Open horn configuration (left) and illustration of the superposition approach (right) showing throat and mouth variables at x 1 and x 2, respectively.
(Color online) Numerically modeled particle velocity fields (absolute value) within a double, axisymmetrical, conical horn at frequencies from 1 Hz to 5000 Hz. Horn dimensions: l = 20 cm, R 1 = 1 cm, R 2 = 10 cm. Horn’s first resonance occurs at 2650 Hz.
Frequency dependence of acoustic particle velocity amplification factor for pipe having a radius R = 0.01 m and length l = 0.2 m in water. Dashed line: numerical solution, solid line: analytical solution, as per Eqs. (13) and (18).
Axial velocity amplification factors (at the axis of the horn) vs frequency at the throat of single conical, Eqs. (13) and (19); double conical, Eqs. (29) and (19); horns and exponential single horn, Eqs. (13) and (20). For all horns: throat radius R 1 = 1 cm, single horn length l = 20 cm, mouth radius R 2 = 10 cm. Dashed lines: numerical solutions, solid lines: analytical solutions.
Conical AVH geometrical parameters.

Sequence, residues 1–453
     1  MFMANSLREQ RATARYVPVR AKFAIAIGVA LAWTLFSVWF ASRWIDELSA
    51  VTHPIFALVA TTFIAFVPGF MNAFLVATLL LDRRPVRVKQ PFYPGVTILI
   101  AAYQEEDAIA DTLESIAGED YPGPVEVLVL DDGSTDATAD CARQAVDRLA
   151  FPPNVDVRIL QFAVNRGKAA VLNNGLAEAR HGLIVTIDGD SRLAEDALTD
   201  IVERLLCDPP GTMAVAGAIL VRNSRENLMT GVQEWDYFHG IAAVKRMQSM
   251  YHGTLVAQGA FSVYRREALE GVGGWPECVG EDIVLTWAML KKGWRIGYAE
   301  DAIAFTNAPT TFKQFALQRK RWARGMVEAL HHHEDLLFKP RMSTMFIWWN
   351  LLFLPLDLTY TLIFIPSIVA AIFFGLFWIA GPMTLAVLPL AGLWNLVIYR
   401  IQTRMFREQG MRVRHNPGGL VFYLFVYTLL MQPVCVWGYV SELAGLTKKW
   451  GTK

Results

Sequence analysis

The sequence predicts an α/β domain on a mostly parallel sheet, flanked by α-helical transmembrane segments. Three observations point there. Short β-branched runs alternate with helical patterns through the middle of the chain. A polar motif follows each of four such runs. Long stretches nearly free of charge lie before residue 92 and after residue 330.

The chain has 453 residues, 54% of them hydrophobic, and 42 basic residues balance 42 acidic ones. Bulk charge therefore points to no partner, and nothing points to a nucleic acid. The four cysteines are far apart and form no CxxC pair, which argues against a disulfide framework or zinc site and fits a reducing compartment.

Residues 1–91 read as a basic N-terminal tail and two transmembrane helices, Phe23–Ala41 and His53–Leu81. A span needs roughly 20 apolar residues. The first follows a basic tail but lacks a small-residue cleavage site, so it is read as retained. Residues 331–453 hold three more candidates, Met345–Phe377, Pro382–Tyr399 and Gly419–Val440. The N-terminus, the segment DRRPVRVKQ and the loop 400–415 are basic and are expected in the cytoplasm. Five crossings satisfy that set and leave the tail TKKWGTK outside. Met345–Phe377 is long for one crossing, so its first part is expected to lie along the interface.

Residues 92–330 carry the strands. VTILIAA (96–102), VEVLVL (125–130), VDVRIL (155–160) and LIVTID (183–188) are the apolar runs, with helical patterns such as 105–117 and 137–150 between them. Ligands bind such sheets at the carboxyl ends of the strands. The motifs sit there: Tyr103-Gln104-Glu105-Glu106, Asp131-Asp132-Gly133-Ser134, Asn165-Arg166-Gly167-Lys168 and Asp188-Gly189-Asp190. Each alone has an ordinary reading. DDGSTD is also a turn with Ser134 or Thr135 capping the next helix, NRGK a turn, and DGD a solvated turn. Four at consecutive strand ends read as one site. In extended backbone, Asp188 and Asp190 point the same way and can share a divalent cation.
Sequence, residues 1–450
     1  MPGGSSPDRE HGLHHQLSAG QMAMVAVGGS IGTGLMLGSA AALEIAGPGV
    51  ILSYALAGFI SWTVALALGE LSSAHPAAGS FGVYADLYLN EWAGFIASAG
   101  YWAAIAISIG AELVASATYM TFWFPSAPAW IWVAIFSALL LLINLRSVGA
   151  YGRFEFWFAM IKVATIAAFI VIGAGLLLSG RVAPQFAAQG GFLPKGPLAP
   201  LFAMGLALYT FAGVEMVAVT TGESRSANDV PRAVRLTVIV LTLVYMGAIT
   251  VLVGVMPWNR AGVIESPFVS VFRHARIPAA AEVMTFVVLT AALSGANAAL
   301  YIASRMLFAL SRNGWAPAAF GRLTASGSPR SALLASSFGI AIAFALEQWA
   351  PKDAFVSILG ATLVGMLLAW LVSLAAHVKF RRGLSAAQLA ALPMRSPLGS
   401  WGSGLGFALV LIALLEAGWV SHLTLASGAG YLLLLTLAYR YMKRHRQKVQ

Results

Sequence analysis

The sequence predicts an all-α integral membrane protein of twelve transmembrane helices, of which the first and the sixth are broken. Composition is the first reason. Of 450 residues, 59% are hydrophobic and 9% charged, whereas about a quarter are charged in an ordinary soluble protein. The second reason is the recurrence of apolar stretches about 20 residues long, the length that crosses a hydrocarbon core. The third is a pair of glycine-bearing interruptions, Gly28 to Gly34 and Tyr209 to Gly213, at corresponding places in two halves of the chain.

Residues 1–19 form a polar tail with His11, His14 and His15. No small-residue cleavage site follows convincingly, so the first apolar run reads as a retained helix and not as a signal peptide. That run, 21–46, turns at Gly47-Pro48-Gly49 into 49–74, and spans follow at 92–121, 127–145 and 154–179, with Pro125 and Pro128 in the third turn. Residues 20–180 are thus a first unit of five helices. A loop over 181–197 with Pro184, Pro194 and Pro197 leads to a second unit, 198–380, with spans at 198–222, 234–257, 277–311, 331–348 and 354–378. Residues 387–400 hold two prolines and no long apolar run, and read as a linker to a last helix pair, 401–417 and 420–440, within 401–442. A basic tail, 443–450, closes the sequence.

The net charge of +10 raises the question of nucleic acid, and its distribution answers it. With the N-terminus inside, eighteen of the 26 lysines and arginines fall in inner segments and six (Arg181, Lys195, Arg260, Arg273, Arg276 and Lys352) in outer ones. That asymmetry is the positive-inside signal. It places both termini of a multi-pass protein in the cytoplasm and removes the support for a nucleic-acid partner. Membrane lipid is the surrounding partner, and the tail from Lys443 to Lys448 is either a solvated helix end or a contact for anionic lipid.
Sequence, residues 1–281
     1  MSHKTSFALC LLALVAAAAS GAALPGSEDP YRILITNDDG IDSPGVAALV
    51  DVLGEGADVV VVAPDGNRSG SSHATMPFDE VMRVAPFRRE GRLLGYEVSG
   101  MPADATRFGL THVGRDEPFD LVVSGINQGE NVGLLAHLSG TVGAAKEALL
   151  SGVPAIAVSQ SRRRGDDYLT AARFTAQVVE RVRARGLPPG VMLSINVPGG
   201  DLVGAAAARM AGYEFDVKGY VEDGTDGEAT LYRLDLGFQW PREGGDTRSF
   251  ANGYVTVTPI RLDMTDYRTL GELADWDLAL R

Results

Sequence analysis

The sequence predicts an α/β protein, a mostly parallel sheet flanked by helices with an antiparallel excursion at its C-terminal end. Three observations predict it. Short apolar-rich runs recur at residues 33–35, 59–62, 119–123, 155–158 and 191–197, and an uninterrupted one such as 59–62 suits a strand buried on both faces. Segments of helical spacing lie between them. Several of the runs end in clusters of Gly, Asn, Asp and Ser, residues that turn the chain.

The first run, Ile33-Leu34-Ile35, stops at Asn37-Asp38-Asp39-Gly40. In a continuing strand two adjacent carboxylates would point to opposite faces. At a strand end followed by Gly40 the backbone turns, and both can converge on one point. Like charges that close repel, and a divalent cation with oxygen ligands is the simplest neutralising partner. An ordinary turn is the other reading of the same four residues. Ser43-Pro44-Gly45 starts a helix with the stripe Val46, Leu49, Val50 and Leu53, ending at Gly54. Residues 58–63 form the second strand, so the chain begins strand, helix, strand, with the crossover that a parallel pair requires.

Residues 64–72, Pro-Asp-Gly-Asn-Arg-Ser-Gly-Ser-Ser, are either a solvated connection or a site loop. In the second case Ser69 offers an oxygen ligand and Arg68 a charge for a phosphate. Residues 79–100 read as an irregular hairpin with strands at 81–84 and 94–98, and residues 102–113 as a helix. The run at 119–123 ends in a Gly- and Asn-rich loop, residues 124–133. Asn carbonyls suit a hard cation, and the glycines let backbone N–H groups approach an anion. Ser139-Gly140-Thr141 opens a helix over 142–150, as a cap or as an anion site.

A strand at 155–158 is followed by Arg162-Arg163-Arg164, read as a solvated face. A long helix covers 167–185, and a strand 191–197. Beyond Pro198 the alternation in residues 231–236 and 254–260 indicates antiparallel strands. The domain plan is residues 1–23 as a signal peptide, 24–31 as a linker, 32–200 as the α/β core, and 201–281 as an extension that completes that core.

Velocity amplification vs throat radius R 1 [per Fig. 6(a)] for cone with fixed lengths l and a fixed radii ratio K = R 2/R 1 = 10.
Horn amplification vs length [per Fig. 6(b)] for fixed radii ratios K = R 2/R 1, and a fixed throat radius R 1 = 1 cm. Dashed lines show cone angles α corresponding to the length and radii.
Horn amplification vs mouth-to-throat radii ratio K [per Fig. 6(c)] for fixed lengths and a fixed throat radius R 1 = 1 cm.
Axial particle velocity distribution, in water, in a single AVH (upper) and double AVH (lower). AVH dimensions are l = 20 cm, R 1 = 1 cm, K = 10, and the frequency was 50 Hz.
Frequency responses (in water) of single (dashed line) and double (solid line) horns with the same overall length of 20 cm, and a throat and mouth radii of 1 cm and 10 cm, respectively.
COMSOL computed AVH polar directionality patterns for 1 Hz, 600 Hz, and 1 kHz single conical horn, L = 10 cm, R throat = 1 cm, K = 5. Gray dashed line is scaled to A = 4 corresponding to the computed amplification (radial division represents velocity amplification factor).
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